FIELD OF THE INVENTION
- BACKGROUND OF THE INVENTION
The present invention relates to aerosol valve actuators of the enclosure or spray dome type. Such actuators generally have a shell-like member mounted onto the pressurized product container and/or over the mounting cup of the aerosol valve on the container, and a finger actuatable means associated with the shell-like enclosure and operatively connected to the aerosol valve stem for actuating the aerosol valve and dispensing the product.
In many prior art aerosol valve actuators of the nature referred to above, the finger actuatable means is a finger pad that is integrally molded as one piece with the shell-like enclosure and extends into an opening in the upper portion of the shell-like enclosure. The finger pad has an integral hinge molded to the shell-like enclosure. Inherent in the one-piece molding process is the fact that a resultant visible gap exists between the outer periphery of the finger pad and the periphery of the hole in the upper portion of the enclosure. Further, when one-piece prior art actuators of this type are assembled onto the aerosol valve, the finger pad in certain instances may be pushed by the valve stem above its normal non-operating position to a higher than desired position above the top wall opening, leaving a large separation or gap (sometimes referred as a “smiling” appearance) between the bottom of a portion of the finger pad opposite the hinge and the surrounding shell-like enclosure. The customer and consumer when first encountering such an aerosol actuator may find the above-referenced gaps as aesthetically unappealing, and in the latter instance as indicating some defect in the product.
In other prior art aerosol valve actuators of the above general type, the finger pad is molded as a separate member from the shell-like enclosure and is snap fitted into the shell-like enclosure. In such known prior art actuators, however, there still remains a visible gap between the substantially vertical outer sides of the finger pad and the perimeter of the hole in the upper portion of the shell-like enclosure. Further, when such two-piece prior art actuators of this type are assembled onto the aerosol valve, the finger pad in certain instances is still subject to being pushed by the valve stem above its normal non-operating position to a still higher position above the top wall opening, again leaving the aforesaid large “smiling” gap as in the above-referenced one-piece actuators. The problem of visually unappealing gaps or perceived defects remains for the customer and consumer. Additionally, in such actuators, the snap fit connection is not always sufficient to maintain the two pieces of the actuator assembled during shipping, and feeding and assembly of the actuator to the aerosol container, etc.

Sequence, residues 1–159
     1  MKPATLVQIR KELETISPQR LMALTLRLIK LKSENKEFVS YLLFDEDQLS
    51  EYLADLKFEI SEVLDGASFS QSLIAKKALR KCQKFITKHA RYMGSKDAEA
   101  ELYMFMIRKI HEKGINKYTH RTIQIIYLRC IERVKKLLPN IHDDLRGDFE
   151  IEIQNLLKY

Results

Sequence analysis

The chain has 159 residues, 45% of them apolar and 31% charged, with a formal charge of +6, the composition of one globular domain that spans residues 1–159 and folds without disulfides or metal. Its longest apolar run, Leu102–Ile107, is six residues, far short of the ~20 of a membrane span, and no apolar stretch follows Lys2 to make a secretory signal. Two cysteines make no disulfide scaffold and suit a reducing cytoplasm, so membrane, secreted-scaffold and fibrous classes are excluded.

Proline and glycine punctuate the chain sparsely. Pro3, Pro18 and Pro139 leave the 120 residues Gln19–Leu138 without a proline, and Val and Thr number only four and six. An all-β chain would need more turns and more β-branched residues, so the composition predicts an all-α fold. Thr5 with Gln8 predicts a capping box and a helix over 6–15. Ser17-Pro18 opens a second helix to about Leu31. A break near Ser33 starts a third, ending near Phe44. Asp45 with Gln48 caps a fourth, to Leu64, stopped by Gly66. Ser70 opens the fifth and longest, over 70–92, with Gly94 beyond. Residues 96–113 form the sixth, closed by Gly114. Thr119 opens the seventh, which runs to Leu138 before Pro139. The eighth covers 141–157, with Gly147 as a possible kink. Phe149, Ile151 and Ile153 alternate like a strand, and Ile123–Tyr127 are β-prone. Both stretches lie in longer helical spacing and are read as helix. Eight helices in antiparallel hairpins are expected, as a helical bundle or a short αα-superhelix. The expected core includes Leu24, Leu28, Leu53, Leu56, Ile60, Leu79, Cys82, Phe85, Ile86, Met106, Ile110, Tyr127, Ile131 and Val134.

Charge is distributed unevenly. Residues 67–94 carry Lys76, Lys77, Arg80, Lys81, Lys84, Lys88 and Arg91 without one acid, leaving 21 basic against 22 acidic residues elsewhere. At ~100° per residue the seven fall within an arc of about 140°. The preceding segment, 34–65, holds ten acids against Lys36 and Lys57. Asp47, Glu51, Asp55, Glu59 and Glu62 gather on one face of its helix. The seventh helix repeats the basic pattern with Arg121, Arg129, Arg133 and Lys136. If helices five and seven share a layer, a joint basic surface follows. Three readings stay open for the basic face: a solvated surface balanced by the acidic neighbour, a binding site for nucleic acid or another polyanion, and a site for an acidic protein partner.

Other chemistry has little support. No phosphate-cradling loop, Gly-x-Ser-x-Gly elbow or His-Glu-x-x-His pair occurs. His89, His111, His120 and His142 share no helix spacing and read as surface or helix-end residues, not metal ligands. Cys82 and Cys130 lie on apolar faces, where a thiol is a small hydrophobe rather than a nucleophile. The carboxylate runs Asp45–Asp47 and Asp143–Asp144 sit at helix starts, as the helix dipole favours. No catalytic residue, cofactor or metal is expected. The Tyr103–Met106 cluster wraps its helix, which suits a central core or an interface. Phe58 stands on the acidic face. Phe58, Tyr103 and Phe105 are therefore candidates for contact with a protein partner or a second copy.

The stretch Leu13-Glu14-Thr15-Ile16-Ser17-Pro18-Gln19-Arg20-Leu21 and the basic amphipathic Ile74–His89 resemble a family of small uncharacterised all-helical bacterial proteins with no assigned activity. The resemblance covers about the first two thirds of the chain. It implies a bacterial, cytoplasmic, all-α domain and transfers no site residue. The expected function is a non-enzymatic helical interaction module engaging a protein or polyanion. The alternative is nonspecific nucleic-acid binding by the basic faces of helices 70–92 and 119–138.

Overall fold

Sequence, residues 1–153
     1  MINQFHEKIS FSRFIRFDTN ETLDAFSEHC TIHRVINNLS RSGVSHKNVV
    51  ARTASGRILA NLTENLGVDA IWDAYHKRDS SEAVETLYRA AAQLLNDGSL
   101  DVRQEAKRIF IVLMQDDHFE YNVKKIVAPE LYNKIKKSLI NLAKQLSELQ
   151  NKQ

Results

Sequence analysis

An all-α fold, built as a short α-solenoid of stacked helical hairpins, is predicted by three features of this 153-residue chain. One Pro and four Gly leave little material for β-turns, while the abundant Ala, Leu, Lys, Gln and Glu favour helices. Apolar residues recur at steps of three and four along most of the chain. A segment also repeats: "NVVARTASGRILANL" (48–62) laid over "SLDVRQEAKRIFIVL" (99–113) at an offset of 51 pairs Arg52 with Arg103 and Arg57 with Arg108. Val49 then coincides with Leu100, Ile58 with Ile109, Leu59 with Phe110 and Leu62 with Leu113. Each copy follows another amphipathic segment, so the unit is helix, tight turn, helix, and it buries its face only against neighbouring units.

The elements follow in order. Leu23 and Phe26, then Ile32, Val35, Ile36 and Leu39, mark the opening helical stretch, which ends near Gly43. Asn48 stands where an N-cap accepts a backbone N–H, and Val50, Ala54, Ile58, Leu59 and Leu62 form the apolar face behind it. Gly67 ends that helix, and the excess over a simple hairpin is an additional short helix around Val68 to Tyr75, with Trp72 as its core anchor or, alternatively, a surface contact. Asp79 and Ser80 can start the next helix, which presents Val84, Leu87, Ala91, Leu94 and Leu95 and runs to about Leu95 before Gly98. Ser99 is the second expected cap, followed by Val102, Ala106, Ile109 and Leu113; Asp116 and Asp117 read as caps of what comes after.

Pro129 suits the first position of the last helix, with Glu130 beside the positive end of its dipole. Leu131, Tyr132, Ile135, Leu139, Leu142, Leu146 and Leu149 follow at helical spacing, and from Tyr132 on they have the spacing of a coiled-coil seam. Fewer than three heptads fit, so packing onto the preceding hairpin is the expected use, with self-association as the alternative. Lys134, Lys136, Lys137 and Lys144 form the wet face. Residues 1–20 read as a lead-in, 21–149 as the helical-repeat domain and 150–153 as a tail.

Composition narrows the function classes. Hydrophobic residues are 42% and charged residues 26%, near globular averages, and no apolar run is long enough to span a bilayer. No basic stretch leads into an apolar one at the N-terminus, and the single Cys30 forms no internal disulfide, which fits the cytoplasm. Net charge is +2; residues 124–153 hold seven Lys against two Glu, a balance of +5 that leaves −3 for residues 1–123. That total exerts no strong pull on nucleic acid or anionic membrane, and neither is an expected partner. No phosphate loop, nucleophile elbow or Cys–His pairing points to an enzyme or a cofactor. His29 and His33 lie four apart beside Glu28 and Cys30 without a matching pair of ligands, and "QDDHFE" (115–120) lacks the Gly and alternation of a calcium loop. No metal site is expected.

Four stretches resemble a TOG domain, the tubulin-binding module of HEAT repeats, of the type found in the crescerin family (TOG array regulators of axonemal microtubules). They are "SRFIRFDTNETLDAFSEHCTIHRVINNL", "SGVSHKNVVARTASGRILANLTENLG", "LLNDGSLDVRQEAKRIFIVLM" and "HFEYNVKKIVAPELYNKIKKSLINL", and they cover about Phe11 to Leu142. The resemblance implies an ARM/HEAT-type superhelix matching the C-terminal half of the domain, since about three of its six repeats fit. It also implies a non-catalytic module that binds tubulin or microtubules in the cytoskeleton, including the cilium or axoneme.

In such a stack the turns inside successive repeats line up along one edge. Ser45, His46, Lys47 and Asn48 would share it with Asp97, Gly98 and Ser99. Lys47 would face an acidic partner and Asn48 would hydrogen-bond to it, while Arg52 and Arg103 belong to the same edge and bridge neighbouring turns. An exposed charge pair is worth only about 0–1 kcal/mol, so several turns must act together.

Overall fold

Still further prior art aerosol valve actuators of the above general type have protruding surfaces positioned below the top of the finger pads or actuating buttons to prevent the finger pad or button being pushed through the opening in the upper portion of the enclosure upon assembly onto the valve. The buttons/pads of such prior art actuators still have substantially vertical sides at the elevation where the buttons/pads pass through the opening, accordingly still show an aesthetically unappealing gap between the vertical sides of the button or pad and the enclosure opening, and thus do not provide the appearance of a smooth surface continuation between the perimeter of the opening in the upper portion of the enclosure and the radially inward upper surface of the finger pad or button immediately adjacent the opening perimeter.
- SUMMARY OF THE INVENTION
Additionally, there can be a problem of excessive spray noise in enclosure or spray dome type actuators. In such actuators where the spray nozzle is inside the enclosure, sprays through a hole in the side wall of the enclosure, and terminates even slightly short of the side wall, the enclosure mounted on the container can act as a resonant sound chamber and greatly amplify the sound of the spray noise.